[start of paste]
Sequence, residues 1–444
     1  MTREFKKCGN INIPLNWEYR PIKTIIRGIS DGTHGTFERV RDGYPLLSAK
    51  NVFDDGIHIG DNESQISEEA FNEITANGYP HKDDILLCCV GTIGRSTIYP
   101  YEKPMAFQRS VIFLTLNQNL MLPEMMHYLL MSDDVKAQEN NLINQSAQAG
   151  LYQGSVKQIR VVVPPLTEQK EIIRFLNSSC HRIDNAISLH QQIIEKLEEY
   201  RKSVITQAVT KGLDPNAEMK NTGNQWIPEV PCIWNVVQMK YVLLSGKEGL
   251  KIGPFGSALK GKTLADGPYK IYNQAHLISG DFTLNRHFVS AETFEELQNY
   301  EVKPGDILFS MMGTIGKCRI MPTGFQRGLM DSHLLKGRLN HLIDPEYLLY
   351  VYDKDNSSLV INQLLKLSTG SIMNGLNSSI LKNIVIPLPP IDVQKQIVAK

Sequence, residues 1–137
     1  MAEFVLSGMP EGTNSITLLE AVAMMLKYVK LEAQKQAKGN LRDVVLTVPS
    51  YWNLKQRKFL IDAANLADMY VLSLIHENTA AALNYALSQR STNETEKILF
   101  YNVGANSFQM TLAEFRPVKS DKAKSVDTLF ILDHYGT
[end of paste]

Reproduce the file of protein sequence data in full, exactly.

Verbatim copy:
Sequence, residues 1–444
     1  MTREFKKCGN INIPLNWEYR PIKTIIRGIS DGTHGTFERV RDGYPLLSAK
    51  NVFDDGIHIG DNESQISEEA FNEITANGYP HKDDILLCCV GTIGRSTIYP
   101  YEKPMAFQRS VIFLTLNQNL MLPEMMHYLL MSDDVKAQEN NLINQSAQAG
   151  LYQGSVKQIR VVVPPLTEQK EIIRFLNSSC HRIDNAISLH QQIIEKLEEY
   201  RKSVITQAVT KGLDPNAEMK NTGNQWIPEV PCIWNVVQMK YVLLSGKEGL
   251  KIGPFGSALK GKTLADGPYK IYNQAHLISG DFTLNRHFVS AETFEELQNY
   301  EVKPGDILFS MMGTIGKCRI MPTGFQRGLM DSHLLKGRLN HLIDPEYLLY
   351  VYDKDNSSLV INQLLKLSTG SIMNGLNSSI LKNIVIPLPP IDVQKQIVAK

Sequence, residues 1–137
     1  MAEFVLSGMP EGTNSITLLE AVAMMLKYVK LEAQKQAKGN LRDVVLTVPS
    51  YWNLKQRKFL IDAANLADMY VLSLIHENTA AALNYALSQR STNETEKILF
   101  YNVGANSFQM TLAEFRPVKS DKAKSVDTLF ILDHYGT